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Supreme Court overturns fraud convictions of Cuomo donor

The prosecution of the once powerful developer brought scandal to the doomed tenure of former New York Governor Andrew Cuomo.

WASHINGTON (CN) — Reversing the convictions of a well-connected New York developer, the Supreme Court ruled Thursday that Congress never intended to criminalize the type of wire fraud of which he was convicted.

“The wire fraud statute reaches only traditional property interests,” Justice Clarence Thomas wrote for the unanimous court. "The right to valuable economic information needed to make discretionary economic decisions is not a traditional property interest. Accordingly, the right to-control theory cannot form the basis for a conviction under the federal fraud statutes."

Prosecutors went after Louis Ciminelli in 2016 as part of net around the most trusted aides and allies to New York's then-Governor Andrew Cuomo.

Ciminelli and his immediate family had contributed at least $100,000 to Cuomo's election campaigns and also hosted a fundraising dinner that added roughly $250,000 to the governor's reelection war chest. Previously his company LPCiminelli won a lucrative contract to become a preferred developer under Cuomo's signature Buffalo Billion, an initiative to invigorate an erstwhile bustling economic hub that borders Lake Erie.

At high court oral arguments in November, Ciminelli's attorney insisted that the legal theory undergirding the criminal case against his client eviscerated the core requirement of wire fraud: that the object of the scheme is to deprive the victim of money or property.

The lawyer applauded the ruling Thursday.

“We are gratified by the Supreme Court’s unanimous holding today that the government’s theory of prosecution of Louis Ciminelli was invalid, root and branch,” Michael Dreeben of O’Melveny & Myers said in a statement.

Prosecutors said the right-to-control theory supports a property fraud conviction where the perpetrator has not informed their victim completely before they make an economic decision, an argument that seemed to appall Justice Thomas.

“With profuse citations to the records below, the Government asks us to cherry-pick facts presented to a jury charged on the right-to-control theory and apply them to the elements of a different wire fraud theory in the first instance. In other words, the Government asks us to assume not only the function of a court of first view, but also of a jury,” Thomas wrote Thursday. “That is not our role.”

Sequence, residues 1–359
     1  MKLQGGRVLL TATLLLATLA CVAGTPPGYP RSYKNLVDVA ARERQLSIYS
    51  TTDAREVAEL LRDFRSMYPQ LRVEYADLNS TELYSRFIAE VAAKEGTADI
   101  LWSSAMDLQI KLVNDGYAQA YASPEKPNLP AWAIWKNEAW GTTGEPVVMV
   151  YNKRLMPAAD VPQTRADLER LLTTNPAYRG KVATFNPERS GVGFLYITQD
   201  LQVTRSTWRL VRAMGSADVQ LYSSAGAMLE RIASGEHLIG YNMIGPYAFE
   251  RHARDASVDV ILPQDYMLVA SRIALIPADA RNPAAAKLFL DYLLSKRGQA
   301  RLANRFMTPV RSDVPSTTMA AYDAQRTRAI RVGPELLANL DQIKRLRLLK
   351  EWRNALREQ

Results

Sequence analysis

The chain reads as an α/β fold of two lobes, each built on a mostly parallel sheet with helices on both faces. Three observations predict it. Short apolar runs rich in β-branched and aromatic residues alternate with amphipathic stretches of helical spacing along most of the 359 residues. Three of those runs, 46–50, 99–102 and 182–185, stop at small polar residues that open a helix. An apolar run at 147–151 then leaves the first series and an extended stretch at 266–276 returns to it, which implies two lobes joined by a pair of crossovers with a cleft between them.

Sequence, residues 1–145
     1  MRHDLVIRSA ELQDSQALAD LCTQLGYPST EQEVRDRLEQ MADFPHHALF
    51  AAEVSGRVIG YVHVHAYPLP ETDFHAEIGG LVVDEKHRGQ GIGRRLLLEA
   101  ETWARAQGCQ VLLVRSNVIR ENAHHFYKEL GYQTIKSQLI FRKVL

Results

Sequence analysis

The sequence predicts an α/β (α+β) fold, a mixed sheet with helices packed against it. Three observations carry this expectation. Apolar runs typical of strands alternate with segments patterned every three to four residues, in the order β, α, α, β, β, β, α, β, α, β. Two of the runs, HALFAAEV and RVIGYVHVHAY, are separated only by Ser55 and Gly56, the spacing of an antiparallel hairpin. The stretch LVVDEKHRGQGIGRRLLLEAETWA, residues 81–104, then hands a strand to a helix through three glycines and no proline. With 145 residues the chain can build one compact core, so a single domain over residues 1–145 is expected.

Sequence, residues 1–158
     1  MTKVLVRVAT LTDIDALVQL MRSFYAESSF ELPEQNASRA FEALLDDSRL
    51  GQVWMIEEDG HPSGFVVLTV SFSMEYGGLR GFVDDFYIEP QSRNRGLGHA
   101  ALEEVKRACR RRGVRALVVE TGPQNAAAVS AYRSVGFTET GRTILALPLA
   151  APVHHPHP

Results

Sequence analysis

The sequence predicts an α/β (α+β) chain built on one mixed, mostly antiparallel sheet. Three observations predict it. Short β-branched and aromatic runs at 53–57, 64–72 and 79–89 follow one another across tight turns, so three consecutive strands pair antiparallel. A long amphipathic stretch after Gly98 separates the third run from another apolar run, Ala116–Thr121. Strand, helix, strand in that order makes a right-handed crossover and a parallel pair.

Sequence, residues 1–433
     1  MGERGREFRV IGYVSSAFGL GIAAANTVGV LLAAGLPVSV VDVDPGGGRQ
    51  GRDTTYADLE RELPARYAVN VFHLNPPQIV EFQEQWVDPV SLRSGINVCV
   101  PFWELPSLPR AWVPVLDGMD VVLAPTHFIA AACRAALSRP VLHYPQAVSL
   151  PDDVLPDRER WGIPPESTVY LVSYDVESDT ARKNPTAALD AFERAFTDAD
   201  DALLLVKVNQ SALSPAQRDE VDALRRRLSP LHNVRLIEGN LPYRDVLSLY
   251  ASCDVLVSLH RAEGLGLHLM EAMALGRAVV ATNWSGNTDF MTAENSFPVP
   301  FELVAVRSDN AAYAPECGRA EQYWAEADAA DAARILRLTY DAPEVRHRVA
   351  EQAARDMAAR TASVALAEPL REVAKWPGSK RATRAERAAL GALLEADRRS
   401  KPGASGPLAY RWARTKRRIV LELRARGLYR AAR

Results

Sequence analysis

Arguing for the federal government meanwhile, Deputy U.S. Solicitor General Eric Feigin had said that such a situation has always been property fraud, and that Ciminelli's conviction should be affirmed.

Justice Samuel Alito concurred that Ciminelli’s conviction should be reversed but he said the majority should also have addressed whether the government can attempt "to retry petitioner on the theory that he conspired to obtain, and did in fact obtain, by fraud, a traditional form of property.”

Several associates of Ciminelli involved in the Buffalo Billion project were rounded up in the same prosecution, with Cuomo’s former right-hand man, Joseph Percoco, being the biggest of those bold-faced names. Percoco, who was convicted of bribery, also appealed his conviction before the high court. The high court likewise overturned his bribery conviction Thursday.

During his more than 20-year career in Albany, Percoco served the gubernatorial administrations of father-and-son Governors Mario and Andrew Cuomo. He was convicted of raking in more than $300,000 in bribes from companies that had business with the state, but Percoco says the government is impermissibly criminalizing the act of lobbying, and that there is no corruption when the defendant is not a public official but a private citizen with influence.

The Second Circuit had upheld the convictions of all those involved in the scheme. Percoco received a six-year sentence but was released to a halfway house last year. Ciminelli served only a few months of what was supposed to be a more-than-two-year sentence. A federal judge ordered him released this past summer.

Representatives for the U.S. Department of Justice did not immediately respond to a request for comment on the ruling.

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Categories / Appeals, Criminal, Law, Politics

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